An eNewsletter Dedicated to Helping Business people Write Smarter and Faster in Plain English
Plain Writing Plays a Critical Role in Government Communications
How important is plain writing? This explanation by the U.S. Nuclear Regulatory Commission (NRC) says it all.
The U.S. Nuclear Regulatory Commission (NRC) has an important mission. We regulate, license, and oversee the Nation’s civilian use of nuclear materials to protect both people and the environment. Because this mission is so important, we want you to be informed about—and have a reasonable opportunity to participate meaningfully in—our activities. We see plain writing as a key to achieving that goal. After all, how can you become informed and involved if you don’t understand what we say and write? More importantly, why should you trust us to achieve our mission if we can’t clearly communicate important concepts?
Every day, NRC managers and staff make decisions that ultimately affect the health and safety of people and the environment. We know that if we fail to effectively communicate these decisions, we complicate our mission and compromise public confidence.
We also know you’re as busy as we are, and you don’t want to waste a lot of time “translating” complex, jargon-filled documents. Plain writing is good public service and makes life easier for all of us. It saves time and aggravation by helping you to understand our message or complete our forms. It also helps to ensure that our licensees can clearly understand our regulatory guidance and comply with our requirements.
Although no one knows the true cost of poor communication, the available information suggests it’s high. It isn’t easy to explain complex technical concepts in plain language, but it pays off in positive results like increased public confidence, licensee compliance, and enhanced safety and security.
In its Final Guidance on Implementing the Act, dated April 13, 2011, the Office of Management and Budget (OMB) stated that “plain writing is writing that is clear, concise, well-organized, and consistent with other best practices appropriate to the subject or field and intended audience. Such writing avoids jargon, redundancy, ambiguity, and obscurity.”
The NRC takes that definition a step further. We believe that plain writing is communication our intended audience can easily understand the first time they read or hear it. It’s not overly casual or unprofessional, and it doesn’t strip out necessary technical details to “dumb down” the information or “talk down” to the reader.
We realize that language that is plain to some readers may not be plain to others. We know we’ve succeeded, however, if our writing enables our intended audience to —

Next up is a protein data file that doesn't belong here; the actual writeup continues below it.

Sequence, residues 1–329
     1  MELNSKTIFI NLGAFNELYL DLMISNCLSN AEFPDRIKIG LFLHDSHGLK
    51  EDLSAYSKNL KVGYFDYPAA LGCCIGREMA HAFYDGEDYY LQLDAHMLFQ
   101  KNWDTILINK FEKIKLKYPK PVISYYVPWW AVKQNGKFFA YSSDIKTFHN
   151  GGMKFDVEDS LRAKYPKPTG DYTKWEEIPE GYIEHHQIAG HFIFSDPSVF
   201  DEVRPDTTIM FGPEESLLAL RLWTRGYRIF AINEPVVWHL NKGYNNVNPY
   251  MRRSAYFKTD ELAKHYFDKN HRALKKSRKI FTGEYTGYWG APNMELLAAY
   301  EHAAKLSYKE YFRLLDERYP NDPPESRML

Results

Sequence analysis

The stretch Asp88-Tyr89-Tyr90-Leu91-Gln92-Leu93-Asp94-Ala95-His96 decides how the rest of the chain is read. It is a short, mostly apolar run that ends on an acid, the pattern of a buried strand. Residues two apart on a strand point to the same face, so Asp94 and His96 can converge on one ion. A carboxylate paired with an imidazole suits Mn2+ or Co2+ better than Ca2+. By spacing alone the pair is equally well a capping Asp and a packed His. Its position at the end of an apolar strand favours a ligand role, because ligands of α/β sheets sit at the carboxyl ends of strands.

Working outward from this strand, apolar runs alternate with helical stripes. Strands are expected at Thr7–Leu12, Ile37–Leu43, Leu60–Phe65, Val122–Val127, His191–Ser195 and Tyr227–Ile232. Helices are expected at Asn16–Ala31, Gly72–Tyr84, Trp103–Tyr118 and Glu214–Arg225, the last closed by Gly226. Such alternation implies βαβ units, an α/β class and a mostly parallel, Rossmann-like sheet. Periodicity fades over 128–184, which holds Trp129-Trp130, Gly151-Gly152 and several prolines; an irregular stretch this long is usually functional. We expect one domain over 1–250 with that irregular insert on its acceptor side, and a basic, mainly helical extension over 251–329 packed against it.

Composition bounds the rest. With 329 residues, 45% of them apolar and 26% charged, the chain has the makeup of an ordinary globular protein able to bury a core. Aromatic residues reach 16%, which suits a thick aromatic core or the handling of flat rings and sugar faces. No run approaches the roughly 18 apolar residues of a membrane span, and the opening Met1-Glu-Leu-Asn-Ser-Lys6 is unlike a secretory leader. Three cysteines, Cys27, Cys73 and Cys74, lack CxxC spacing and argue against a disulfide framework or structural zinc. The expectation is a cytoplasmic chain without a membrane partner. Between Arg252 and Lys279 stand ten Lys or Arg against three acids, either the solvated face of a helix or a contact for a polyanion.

- Find what they need;
- Understand what they find; and
- Use what they find to meet their needs.
- Ralph Lauren’s birth name is Ralph Lifshitz.
- Half of all Americans live within 50 miles of what their birthplace.
- Westerners refer to tea by the color of its leaves (e.g., black tea), while the Chinese refer to tea by the color of the drink (e.g., They call black tea red tea).
- Henry David Thoreau, whose father, John, operated a pencil factory, was the first American to combine clay with graphite to create a modern lead pencil.
- In what country were the terms “left” and “right” first used to indicate an individual’s politics: United States, Germany, France, Japan? (Answer: bottom of page)
Word of the Month
vociferous | voh-SIF-uh-rus | adjective
1: marked by a heated or passionate outburst or protest
“Keith was vociferous in his opposition to an increase in health insurance premiums.”
Wacky & Wise Websites
Click here to take a stunning star tour of our galaxy.
Click here to discover artists who are not that popular but produce great music.
American Express, Amgen, Cisco Systems, Department of the Navy, Fluor Corporation, General Electric, Motorola, The New York Public Library, Procter & Gamble, Prometric, State of Utah, Supreme Court of Virginia, United Way, U.S. Census Bureau, U.S. Food & Drug Administration
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SATisfy Your Curiosity
SAT Exam practice question: Select the pair that best expresses a relationship similar to that expressed in the original pair.
BOLD : FOOLHARDY
- lively : enthusiastic
- natural : synthetic
- wise : thoughtful
- creative : childlike
- generous : spendthrift
(Answer: bottom of page)
Red tape is excessive bureaucracy or rigid adherence to bureaucratic regulations. But why tape? And why is it red? It is tradition, dating back to the 18th century, to bind government documents together using a red ribbon or tape. There is no particular reason for choosing the color red; it’s an arbitrary choice. From Maryland Laws, written between 1696 and 1715: “The Map… upon the Backside thereof sealed with his Excellency’s Seal at Arms on a Red Cross with Red Tape.” The association between red tape and bureaucracy was established by the 19th century. For example, here is an excerpt from Catherine Gore’s 1837 Stokeshill Place: “My dear, you mistake John Barnsley… Dearly as he loves a bit of red tape, you never saw him try to inspire any other man with the love of business.”
Answer: The correct answer “generous : spendthrift” reflects a positive to negative relationship like the original pair.
Fun Facts Answer
France. In 1789 when the National Assembly was convened, conservative delegates who represented the nobility and favored keeping the monarchy, sat to the right of the presiding officer. Delegates who were commoners and wanted to abolish the monarchy sat to his left.